Republic of KoreaCoach: Kang Jae Won
Republic of Korea
Republic of Korea
Having been champions in 14 of the 17 Asian Women’s Championships editions to date, it is business as usual for Republic of Korea to qualify for IHF Women’s World Championships.
Korea won the 17th Asian Women’s Championship in Kumamoto, Japan last December, going undefeated in their preliminary group then overcoming an eight-goal deficit against Kazakhstan in the semi-final 31:23. They then went on to defeat Japan 30:25 thanks to 11 goals from Ryu Eun Hee.
Earlier in 2018, Korea also had won the 18th Asian Games defeating China 29:23 in the final after remaining undefeated in the preliminary group as well.
Most recently, Korea won the 2019 AHF Women’s Asian Olympic Qualification Tournament in Chuzhou, China, defeating all five of their opponents in the round-robin tournament: versus China (32:20), People’s Republic of Korea (39:21), Kazakhstan (29:25), Hong Kong (41:13) and Thailand (40:14). Korea’s Jo Ha Rang ended as the joint top scorer with 29 goals.
The tournament win secured their record of qualifying for every single women’s Olympic Games handball competition since the Los Angeles 1984 Olympic Games.
Coach Kang Jae Won has coached Korea before but will be celebrating 12 months in the job when Japan 2019 starts. He brings a wealth of experience and success as both a player and coach. As a player, the right back won silver at the 1988 Olympic Games, alongside numerous Asian Games and Asian Championships as well as winning the 1989 IHF Men’s World Handball Player of the Year award.
After finishing his playing career in Switzerland he took up coaching in the European nation at club level and with the USA women’s national team before returning to Asian to oversee club teams in Japan and then the China national team and Korea’s women’s team in 2010, the first of a number of spells with his nation.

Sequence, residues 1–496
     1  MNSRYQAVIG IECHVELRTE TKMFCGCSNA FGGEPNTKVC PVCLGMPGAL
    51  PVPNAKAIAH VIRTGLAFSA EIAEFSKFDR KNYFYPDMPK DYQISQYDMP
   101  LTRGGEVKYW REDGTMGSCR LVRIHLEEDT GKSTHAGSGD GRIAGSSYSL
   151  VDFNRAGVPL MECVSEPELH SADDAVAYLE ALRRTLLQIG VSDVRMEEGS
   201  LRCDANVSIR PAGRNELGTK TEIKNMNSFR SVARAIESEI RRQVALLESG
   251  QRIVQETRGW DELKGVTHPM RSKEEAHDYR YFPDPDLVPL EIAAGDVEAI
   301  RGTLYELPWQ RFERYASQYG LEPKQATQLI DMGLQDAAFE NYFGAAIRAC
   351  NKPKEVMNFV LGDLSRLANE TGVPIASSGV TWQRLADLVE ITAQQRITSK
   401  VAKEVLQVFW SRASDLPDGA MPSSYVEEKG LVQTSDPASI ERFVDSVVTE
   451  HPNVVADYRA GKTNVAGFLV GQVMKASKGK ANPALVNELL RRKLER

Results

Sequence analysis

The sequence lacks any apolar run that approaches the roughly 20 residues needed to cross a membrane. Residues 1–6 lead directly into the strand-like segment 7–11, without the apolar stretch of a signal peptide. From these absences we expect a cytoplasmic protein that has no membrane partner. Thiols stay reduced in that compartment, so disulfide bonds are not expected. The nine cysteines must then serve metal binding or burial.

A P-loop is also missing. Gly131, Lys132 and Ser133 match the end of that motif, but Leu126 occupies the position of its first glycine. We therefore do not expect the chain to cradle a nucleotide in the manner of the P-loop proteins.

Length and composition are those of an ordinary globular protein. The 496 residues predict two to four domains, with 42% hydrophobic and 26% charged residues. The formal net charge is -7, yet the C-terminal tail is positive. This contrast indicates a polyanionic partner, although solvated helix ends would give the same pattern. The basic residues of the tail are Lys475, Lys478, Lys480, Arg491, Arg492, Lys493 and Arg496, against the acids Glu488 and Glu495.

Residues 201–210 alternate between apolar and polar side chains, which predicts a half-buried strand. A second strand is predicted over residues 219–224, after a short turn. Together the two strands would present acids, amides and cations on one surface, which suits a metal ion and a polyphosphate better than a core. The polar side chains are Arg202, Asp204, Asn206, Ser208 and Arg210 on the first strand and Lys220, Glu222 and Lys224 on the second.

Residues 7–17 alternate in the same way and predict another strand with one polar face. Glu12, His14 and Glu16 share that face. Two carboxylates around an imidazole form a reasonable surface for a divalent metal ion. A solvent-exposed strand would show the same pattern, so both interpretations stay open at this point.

Right back Ryu Eun Hee is the golden child of Korean women’s handball, winning the Most Valuable Player (MVP) awards in the Korean regular league and championship.
As part of a concerted efforts to get their best talents exposed to European handball, the player recently moved to Paris 92 in France and will use all her defensive and attacking skills, plus experience at the 2012 and 2016 Olympic Games to make a name for herself in France.
Eun Hee signed a two-year deal with the ambitious club in April, where she plays alongside 2009 IHF Women’s World Handball Player of the Year, Allison Pineau. She is the first female player from the Asian nation to play for a European club since Oh Sung-ok did for Hypobank in Austria in 2011.
“Ryu has got a chance to grow even further and her experience in Europe will not only have positive impacts on her but also on the national team,” said Jae Won, who coached Eun Hee at his club, Busan Infrastructure Corporation, and who helped facilitate the move to France.
Finishing up the trio of key players is goalkeeper Park Sae Young. She made the most saves last season in the Korean league and ended up as the best goalkeeper in the Olympic Qualification Tournament with 43 saves and a 42.2 percent save rate – the highest number of saves and highest save ratio percentage.
“We expect it be difficult because there are many strong teams in Europe and South America,” said Kang Jae Won about their Japan 2019 group. “The defending champions France are still strong especially, so it is expected to be our most difficult match, but the goal in Japan is to improve our performance against our recent world championship results and will make every effort to prepare for the Olympic Games.
“Korea has fast speed and Korean-specific tactics, plus we have good teamwork and the combination of veteran back lines and young players,” he added. “It seems to be difficult to predict who will win every world championship, but Korea, for sure, will do our best in every game.”
In July, Korea completed a training camp in Hungary and played friendly matches against the Hungarians. At the end of November they participate in the Seoul Cup against Hungary, Serbia and Russia.
“We think our training camp has been very productive,” said Jae Won. “We've gotten a lot of work done.”
Key players: Ryu Eun Hee (right back), Park Sae Young (goalkeeper)
Qualification for Japan 2019: 2019 AHF Women’s Asian Championship – Winners
History in tournament: 1957-1975: DNP, 1978: 10th-12th, 1982: 6th, 1986: 11th, 1990: 11th, 1993: 11th, 1995: Gold (1st), 1997: 5th, 1999: 9th, 2001: 15th, 2003: Bronze (3rd), 2005: 8th, 2007: 6th, 2009: 6th, 2011: 11th, 2013: 12th, 2015: 14th, 2017: 13th
Group at Japan 2019: Group B (France, Denmark, Germany, Republic of Korea, Brazil, Australia)